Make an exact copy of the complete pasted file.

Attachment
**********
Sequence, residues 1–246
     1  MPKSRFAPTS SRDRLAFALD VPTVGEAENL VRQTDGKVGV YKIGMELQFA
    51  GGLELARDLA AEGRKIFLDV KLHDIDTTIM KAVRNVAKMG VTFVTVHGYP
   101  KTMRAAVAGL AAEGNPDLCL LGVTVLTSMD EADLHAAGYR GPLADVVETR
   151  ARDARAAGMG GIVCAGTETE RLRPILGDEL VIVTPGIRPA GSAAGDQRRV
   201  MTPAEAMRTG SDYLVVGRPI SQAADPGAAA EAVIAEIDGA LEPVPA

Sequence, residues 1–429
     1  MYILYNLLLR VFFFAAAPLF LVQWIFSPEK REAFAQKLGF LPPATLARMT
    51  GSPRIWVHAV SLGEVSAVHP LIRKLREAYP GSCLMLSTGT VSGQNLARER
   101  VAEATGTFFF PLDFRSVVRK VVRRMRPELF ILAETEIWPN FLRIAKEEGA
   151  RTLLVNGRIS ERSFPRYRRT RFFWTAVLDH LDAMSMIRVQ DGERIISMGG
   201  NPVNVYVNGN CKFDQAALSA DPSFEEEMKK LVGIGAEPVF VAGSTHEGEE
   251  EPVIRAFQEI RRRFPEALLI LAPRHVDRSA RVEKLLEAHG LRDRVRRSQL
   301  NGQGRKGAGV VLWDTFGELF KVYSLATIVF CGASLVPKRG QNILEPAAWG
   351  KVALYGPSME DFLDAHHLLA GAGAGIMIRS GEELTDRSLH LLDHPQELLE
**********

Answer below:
Sequence, residues 1–246
     1  MPKSRFAPTS SRDRLAFALD VPTVGEAENL VRQTDGKVGV YKIGMELQFA
    51  GGLELARDLA AEGRKIFLDV KLHDIDTTIM KAVRNVAKMG VTFVTVHGYP
   101  KTMRAAVAGL AAEGNPDLCL LGVTVLTSMD EADLHAAGYR GPLADVVETR
   151  ARDARAAGMG GIVCAGTETE RLRPILGDEL VIVTPGIRPA GSAAGDQRRV
   201  MTPAEAMRTG SDYLVVGRPI SQAADPGAAA EAVIAEIDGA LEPVPA

Sequence, residues 1–429
     1  MYILYNLLLR VFFFAAAPLF LVQWIFSPEK REAFAQKLGF LPPATLARMT
    51  GSPRIWVHAV SLGEVSAVHP LIRKLREAYP GSCLMLSTGT VSGQNLARER
   101  VAEATGTFFF PLDFRSVVRK VVRRMRPELF ILAETEIWPN FLRIAKEEGA
   151  RTLLVNGRIS ERSFPRYRRT RFFWTAVLDH LDAMSMIRVQ DGERIISMGG
   201  NPVNVYVNGN CKFDQAALSA DPSFEEEMKK LVGIGAEPVF VAGSTHEGEE
   251  EPVIRAFQEI RRRFPEALLI LAPRHVDRSA RVEKLLEAHG LRDRVRRSQL
   301  NGQGRKGAGV VLWDTFGELF KVYSLATIVF CGASLVPKRG QNILEPAAWG
   351  KVALYGPSME DFLDAHHLLA GAGAGIMIRS GEELTDRSLH LLDHPQELLE